November 16, 2021
The COP26 has solidified the importance of reaching net zero emissions by 2050 to stay in line with the Paris Climate Agreement Goals. The shipping industry and specifically the IMO’s target of cutting GHG emissions by 50% by 2050 is seen as out of touch amongst the industry, which has come to terms with the need to fully decarbonise the sector by 2050. We take a look at the outcomes of COP26.
In this article we list some of the declarations and pledges from the COP26 that will impact the shipping industry. We have also looked at other initiatives inspired by the COP-spotlight on shipping and how they urge for collaboration to reach net zero by 2050.
Signatories of the Clydebank Declaration for Green Shipping Corridors have pledged to establish at least six green shipping corridors by 2025 and support the creation of more zero emissions maritime routes by 2030.
The purpose of the initiative is to create the infrastructure required to enable ships to transition to carbon-free fuels. One of the biggest concerns raised in the industry is the lack of adequate and readily available green infrastructure capable of supporting carbon free alternative fuels and vessels. Therefore, ship owners are reluctant to make investments in carbon free-ships and fuels that they currently cannot use long –term. This declaration aims to encourage the industry to invest in green shipping and commits to ensuring that the necessary infrastructure will be available for large-scale use.
This can be achieved by the creation of partnerships between ports, operators and other parties along the value chain to help in the decarbonisation of routes both domestically and internationally. Partnerships will focus on the development of green infrastructure and regulatory frameworks that promote shipping decarbonisation and the collaboration and partnerships between different stakeholders in the shipping ecosystem.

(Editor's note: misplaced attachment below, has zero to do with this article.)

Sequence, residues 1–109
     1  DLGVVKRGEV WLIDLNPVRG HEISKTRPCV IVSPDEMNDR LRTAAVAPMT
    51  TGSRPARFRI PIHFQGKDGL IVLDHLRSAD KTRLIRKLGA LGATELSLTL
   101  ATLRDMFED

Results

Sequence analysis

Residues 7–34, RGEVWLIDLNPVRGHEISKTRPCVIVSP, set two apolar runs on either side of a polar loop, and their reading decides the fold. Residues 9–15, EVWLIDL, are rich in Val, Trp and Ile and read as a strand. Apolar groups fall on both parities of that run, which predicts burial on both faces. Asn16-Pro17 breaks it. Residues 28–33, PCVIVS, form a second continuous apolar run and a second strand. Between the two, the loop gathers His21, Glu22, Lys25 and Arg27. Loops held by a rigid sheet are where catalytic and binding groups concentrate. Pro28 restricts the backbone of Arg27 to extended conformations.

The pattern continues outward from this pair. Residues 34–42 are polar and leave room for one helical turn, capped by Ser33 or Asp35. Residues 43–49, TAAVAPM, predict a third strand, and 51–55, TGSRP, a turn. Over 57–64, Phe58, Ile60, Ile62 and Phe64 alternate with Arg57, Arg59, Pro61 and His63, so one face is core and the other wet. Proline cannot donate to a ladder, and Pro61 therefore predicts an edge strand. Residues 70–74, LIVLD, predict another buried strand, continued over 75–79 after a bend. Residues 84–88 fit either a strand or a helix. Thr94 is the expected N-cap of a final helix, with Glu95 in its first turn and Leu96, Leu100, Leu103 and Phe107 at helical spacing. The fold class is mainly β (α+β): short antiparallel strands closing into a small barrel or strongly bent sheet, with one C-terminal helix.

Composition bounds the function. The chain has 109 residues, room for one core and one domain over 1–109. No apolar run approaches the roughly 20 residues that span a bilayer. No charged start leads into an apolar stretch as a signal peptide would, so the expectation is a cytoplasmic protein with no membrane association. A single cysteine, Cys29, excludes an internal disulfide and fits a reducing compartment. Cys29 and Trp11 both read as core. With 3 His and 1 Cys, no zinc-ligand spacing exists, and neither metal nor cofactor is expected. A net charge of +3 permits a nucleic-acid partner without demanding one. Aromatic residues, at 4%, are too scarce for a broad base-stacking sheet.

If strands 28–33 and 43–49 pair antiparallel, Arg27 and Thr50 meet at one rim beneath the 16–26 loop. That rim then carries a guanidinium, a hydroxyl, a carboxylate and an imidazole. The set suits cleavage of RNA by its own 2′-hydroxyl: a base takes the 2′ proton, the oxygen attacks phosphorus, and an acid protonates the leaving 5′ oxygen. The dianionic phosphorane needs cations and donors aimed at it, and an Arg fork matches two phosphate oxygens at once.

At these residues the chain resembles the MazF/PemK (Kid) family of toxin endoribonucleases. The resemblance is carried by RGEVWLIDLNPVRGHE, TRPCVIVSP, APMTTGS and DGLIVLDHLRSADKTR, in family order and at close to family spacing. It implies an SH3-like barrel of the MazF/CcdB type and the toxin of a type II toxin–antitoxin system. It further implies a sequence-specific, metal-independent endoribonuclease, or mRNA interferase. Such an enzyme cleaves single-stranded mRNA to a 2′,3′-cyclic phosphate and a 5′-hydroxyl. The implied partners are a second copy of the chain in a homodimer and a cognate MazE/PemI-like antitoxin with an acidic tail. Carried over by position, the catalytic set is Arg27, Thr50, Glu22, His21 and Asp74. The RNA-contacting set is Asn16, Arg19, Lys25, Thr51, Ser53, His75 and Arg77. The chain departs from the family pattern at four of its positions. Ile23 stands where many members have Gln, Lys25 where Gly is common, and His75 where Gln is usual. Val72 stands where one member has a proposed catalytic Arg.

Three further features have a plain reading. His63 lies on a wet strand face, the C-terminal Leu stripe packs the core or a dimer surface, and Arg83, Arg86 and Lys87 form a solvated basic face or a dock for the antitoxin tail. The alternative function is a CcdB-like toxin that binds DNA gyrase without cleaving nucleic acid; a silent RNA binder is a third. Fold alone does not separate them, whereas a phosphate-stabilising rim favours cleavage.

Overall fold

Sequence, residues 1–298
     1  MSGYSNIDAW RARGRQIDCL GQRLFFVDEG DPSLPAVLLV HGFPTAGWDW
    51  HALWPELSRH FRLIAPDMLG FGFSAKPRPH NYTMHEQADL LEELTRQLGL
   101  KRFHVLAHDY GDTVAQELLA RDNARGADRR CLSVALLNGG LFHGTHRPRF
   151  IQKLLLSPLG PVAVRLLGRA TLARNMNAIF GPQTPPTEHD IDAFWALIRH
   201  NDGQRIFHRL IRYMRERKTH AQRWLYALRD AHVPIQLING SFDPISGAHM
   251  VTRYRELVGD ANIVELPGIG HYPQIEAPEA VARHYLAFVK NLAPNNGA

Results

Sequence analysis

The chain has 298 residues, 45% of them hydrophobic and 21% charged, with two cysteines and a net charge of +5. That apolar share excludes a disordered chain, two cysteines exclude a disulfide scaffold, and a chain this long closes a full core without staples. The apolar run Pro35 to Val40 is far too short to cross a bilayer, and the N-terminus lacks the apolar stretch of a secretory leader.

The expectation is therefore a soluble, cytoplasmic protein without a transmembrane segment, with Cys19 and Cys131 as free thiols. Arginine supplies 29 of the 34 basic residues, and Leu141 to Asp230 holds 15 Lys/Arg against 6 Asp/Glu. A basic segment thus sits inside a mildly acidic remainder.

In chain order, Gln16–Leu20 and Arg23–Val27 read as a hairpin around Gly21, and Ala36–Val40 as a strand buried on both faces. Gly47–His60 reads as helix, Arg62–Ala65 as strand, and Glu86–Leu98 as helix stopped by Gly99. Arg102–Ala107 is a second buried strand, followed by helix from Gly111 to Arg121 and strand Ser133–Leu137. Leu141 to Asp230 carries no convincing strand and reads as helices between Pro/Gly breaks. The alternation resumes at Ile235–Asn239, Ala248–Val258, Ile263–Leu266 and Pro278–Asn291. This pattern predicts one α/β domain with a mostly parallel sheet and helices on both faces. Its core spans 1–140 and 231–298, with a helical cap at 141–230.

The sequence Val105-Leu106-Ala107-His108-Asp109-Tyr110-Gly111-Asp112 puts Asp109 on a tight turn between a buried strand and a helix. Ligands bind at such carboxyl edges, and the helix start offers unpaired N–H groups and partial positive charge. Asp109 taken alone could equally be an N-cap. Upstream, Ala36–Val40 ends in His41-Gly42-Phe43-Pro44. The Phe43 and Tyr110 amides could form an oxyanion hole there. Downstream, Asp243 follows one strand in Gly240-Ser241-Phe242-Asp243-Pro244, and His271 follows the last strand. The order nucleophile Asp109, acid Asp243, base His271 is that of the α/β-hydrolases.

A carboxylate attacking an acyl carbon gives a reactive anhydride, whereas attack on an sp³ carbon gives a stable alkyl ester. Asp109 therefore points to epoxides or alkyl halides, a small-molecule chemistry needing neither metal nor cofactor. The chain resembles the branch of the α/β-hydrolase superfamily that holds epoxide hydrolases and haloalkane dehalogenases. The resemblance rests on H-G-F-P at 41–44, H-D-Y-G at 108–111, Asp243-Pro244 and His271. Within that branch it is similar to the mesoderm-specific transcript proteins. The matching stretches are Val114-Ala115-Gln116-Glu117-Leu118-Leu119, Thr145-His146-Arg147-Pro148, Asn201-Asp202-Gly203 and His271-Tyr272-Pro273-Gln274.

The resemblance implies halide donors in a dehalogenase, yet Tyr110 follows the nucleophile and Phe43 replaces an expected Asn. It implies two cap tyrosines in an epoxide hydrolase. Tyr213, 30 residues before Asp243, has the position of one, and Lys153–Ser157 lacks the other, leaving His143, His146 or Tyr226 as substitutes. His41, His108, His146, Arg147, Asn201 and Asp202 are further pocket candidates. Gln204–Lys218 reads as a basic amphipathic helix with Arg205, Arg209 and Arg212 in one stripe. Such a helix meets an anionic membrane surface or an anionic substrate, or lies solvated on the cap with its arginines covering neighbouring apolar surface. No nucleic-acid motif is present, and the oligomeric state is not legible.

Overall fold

Twenty-two countries have signed the Declaration including the United States, United Kingdom, Australia, Japan, France, Germany, and Norway.
The Declaration on Zero Emission Shipping by 2050 calls on the International Maritime Organisation to align its targets with full decarbonisation by 2050, regulate greenhouse gas emissions and ensure the regulatory framework facilitates decarbonisation initiatives in the industry. The declaration also emphasizes the importance of international collaboration amongst all members of the value chain in shipping, both on a governmental and private level, to develop new green technologies, get zero carbon ships in the water by 2030 and establish zero emission routes.
Fourteen countries have signed the Declaration including the United States, Denmark, United Kingdom, Norway, Germany and France.
The Climate Vulnerable Forum has called upon the International Maritime Organisation to establish a mandatory GHG emissions levy on international shipping to facilitate the industry’s pathway towards net zero by 2050. The urgency of using the funds to assist developing countries with decarbonisation was also emphasized, especially in relation to getting equal access to new green technologies.
Fifty-five nations have signed the declaration and express support for a GHG levy to be globally introduced.
The International Chamber of Shipping (ICS) introduced a proposal for an international research fund aiming to raise funds for research and development of new green technologies. According to the International Energy Agency on private sector R&D in the maritime sector, R&D spending has fallen from 2.7 billion USD in 2017 to 1.6 million USD in 2019. Investment in green technologies is key to reaching net zero emissions by 2050 and it is essential in building up security amongst industry players investing in future decarbonisation projects. The proposal promotes a 5-billion-dollar fund, which would be managed by the International Maritime Organisation and financed by shipowners via a compulsory R&D contribution of 2 dollars per tonne of fuel consumed.